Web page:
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Muttnik – Part 3 of 4

Sarah smiled out through the plastic visor as the large heavy space helmet was secured down over her head. Lifting a gloved hand, she tapped the helmet a couple of times and then gave her fellow astronaut a thumbs up. She held her arms out at her sides as a tool belt was strapped onto her waist, and secured with clips to the suit itself. There were more clips to secure certain tools to her suit directly, the expensive tools, as most of them were at this point. There was talking about utilising that new 3D technology and potentially getting a 3D printer up into the space station, with the idea that they could print the tools they needed, but that was a long way off yet.

Sarah got a thumbs up from the man strapping her into her gear and he touched the headset that he wore, his voice flowing into her earpiece.

“You’re good to go darlin, you stay safe out there.”

“Always have, always will.” Sarah looked around at the space station hull surrounding them and touched her hand against the open doorway of the hatch. “Let’s get you fixed up, old girl.”

Sarah ducked through the open hatch and after giving a final thumbs-up, and the door swung shut behind her, the small round handle spinning as the door was tightly shut. There was an audible hiss and she could see a small puff of air rise from outside the door as the seals were activated. She held onto two handles on opposite sides of the bay as a red light began to flash, and she gave her tether one last check for security before she opened her comms line again. “Good to go guys, let’s get this done, and then we can relax a bit for the day.”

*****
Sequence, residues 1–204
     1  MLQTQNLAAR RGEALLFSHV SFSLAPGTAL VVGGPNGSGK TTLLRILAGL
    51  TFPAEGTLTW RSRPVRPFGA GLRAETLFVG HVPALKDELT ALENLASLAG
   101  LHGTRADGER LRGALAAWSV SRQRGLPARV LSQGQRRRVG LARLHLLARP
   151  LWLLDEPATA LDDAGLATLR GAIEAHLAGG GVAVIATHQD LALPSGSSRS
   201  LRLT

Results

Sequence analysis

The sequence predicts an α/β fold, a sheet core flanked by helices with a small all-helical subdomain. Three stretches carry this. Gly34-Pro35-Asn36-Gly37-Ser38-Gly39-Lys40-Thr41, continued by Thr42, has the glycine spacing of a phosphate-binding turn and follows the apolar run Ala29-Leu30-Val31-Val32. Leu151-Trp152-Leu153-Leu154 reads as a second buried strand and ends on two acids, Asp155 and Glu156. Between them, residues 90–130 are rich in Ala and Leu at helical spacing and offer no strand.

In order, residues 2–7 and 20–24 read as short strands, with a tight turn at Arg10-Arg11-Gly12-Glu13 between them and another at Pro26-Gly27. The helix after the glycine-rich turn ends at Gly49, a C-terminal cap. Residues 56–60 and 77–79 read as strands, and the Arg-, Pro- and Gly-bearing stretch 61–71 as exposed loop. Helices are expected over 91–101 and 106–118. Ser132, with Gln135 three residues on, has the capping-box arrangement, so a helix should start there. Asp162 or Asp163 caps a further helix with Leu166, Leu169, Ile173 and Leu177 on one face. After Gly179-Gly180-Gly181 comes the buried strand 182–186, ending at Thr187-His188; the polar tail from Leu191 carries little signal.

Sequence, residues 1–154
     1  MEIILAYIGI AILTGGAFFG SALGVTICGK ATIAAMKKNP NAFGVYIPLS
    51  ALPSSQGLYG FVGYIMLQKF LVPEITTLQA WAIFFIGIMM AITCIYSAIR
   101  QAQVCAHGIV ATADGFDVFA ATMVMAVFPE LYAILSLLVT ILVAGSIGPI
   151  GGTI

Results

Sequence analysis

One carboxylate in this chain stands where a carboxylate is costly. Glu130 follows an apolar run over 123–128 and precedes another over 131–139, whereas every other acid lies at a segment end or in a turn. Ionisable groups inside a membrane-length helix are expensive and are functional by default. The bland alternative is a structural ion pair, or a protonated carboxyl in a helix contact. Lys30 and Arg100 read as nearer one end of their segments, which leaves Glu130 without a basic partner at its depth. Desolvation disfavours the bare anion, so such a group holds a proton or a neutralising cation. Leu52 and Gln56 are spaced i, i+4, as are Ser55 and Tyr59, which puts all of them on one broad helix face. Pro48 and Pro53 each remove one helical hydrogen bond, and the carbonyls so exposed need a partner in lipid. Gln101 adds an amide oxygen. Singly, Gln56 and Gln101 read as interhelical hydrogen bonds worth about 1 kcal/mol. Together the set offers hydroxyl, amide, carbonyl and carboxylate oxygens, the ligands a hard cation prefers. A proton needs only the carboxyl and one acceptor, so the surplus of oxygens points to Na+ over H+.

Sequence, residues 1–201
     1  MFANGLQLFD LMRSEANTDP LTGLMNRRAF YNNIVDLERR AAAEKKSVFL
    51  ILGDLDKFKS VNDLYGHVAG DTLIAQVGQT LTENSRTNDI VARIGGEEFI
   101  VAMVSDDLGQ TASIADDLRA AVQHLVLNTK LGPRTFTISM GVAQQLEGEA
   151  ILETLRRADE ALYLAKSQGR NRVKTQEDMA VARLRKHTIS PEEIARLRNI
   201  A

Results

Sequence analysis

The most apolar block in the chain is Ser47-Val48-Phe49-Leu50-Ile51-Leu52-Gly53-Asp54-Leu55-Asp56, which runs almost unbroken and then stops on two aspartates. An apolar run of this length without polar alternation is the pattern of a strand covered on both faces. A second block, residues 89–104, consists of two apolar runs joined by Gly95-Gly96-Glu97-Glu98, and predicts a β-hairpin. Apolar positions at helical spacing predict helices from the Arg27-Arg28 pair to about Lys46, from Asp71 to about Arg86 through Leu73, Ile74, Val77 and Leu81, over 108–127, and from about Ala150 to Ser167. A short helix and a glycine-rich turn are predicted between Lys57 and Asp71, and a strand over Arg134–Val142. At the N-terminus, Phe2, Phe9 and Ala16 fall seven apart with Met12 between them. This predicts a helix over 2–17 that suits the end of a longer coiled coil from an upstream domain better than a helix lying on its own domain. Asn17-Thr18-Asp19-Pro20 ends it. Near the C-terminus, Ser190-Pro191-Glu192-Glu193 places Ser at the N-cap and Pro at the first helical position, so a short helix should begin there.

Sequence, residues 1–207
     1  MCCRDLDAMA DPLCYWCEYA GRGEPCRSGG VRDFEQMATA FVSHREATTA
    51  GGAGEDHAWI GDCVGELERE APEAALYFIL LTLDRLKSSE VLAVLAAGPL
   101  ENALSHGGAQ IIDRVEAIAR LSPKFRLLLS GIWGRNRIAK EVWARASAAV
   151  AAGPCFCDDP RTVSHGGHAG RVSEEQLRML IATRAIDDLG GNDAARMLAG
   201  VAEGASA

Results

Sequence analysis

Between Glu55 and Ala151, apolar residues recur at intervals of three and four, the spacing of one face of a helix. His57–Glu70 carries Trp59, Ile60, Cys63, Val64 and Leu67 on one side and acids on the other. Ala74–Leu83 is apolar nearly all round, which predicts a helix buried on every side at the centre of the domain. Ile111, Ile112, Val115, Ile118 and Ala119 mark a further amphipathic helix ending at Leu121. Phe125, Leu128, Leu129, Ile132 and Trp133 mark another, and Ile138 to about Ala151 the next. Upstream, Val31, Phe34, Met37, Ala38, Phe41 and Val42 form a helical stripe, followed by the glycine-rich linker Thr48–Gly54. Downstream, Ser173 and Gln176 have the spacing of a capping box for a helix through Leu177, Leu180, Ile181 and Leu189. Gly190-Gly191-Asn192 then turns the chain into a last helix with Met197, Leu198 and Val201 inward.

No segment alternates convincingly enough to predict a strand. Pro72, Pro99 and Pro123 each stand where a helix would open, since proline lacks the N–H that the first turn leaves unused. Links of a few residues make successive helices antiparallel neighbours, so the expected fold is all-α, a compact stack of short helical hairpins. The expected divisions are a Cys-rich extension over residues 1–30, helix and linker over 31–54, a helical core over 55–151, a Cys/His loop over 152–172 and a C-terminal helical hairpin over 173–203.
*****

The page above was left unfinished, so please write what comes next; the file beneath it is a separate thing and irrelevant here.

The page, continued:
A burst of laughter came across the comms and a French-accented voice trilled down the earpiece to her. “Sarah, darling, we’re already relaxing, you’re the one doing all the hard work.” More laughter and then a female voice came through.

“Don’t worry about Jacque, he may be doing nothing, but the rest of us have your back, we’re keeping a close eye on you.”

Sarah laughed at their banter, “Just another in a long line of walks and repairs, guys, I’ll be home soon.”

Replacing her hand on the handles inside the bay, Sarah waited in silence for a moment, expectantly.

“Zeroing gravity now.” said the voice through her headset, and she felt herself begin to float within the small chamber as the gravity was drained. She watched as the evac hatch door began to open, revealing the darkness of the sky to her eyes. Endless black, dotted with points of white stars. Sarah sighed into the headset, “I’ll never get tired of seeing that.”

She moved forward using the handles to propel herself as she floated, and swung her body out around the edge of the space station, grasping the handles along the outside of the hull. She pulled herself along the height of the hull, towards the small panel array. There was a small group of panels and she moved up to them, pausing to speak into the comms, “Confirm panel number for repair.”